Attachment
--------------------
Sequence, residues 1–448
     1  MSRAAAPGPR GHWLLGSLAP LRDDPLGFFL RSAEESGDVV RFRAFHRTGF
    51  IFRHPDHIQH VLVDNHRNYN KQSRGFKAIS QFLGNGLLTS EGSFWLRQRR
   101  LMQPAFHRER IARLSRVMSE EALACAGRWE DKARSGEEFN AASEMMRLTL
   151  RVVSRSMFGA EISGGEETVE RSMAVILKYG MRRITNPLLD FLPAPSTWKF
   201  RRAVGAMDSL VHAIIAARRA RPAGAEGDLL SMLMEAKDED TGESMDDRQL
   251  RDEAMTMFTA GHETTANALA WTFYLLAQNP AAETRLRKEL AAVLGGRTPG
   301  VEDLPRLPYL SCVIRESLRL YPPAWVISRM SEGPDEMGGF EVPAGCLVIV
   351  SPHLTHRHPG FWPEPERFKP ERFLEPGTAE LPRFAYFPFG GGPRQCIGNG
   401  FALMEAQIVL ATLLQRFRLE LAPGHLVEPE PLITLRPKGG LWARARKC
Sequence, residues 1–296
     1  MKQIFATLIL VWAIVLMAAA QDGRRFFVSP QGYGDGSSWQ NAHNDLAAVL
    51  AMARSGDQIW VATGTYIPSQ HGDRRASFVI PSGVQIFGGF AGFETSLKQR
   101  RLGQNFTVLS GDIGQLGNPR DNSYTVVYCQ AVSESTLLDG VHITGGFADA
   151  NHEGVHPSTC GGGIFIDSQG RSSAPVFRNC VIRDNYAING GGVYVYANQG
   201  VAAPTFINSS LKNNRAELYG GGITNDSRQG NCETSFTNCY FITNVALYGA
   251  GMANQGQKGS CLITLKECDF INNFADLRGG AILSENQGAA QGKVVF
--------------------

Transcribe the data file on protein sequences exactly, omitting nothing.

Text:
Sequence, residues 1–448
     1  MSRAAAPGPR GHWLLGSLAP LRDDPLGFFL RSAEESGDVV RFRAFHRTGF
    51  IFRHPDHIQH VLVDNHRNYN KQSRGFKAIS QFLGNGLLTS EGSFWLRQRR
   101  LMQPAFHRER IARLSRVMSE EALACAGRWE DKARSGEEFN AASEMMRLTL
   151  RVVSRSMFGA EISGGEETVE RSMAVILKYG MRRITNPLLD FLPAPSTWKF
   201  RRAVGAMDSL VHAIIAARRA RPAGAEGDLL SMLMEAKDED TGESMDDRQL
   251  RDEAMTMFTA GHETTANALA WTFYLLAQNP AAETRLRKEL AAVLGGRTPG
   301  VEDLPRLPYL SCVIRESLRL YPPAWVISRM SEGPDEMGGF EVPAGCLVIV
   351  SPHLTHRHPG FWPEPERFKP ERFLEPGTAE LPRFAYFPFG GGPRQCIGNG
   401  FALMEAQIVL ATLLQRFRLE LAPGHLVEPE PLITLRPKGG LWARARKC
Sequence, residues 1–296
     1  MKQIFATLIL VWAIVLMAAA QDGRRFFVSP QGYGDGSSWQ NAHNDLAAVL
    51  AMARSGDQIW VATGTYIPSQ HGDRRASFVI PSGVQIFGGF AGFETSLKQR
   101  RLGQNFTVLS GDIGQLGNPR DNSYTVVYCQ AVSESTLLDG VHITGGFADA
   151  NHEGVHPSTC GGGIFIDSQG RSSAPVFRNC VIRDNYAING GGVYVYANQG
   201  VAAPTFINSS LKNNRAELYG GGITNDSRQG NCETSFTNCY FITNVALYGA
   251  GMANQGQKGS CLITLKECDF INNFADLRGG AILSENQGAA QGKVVF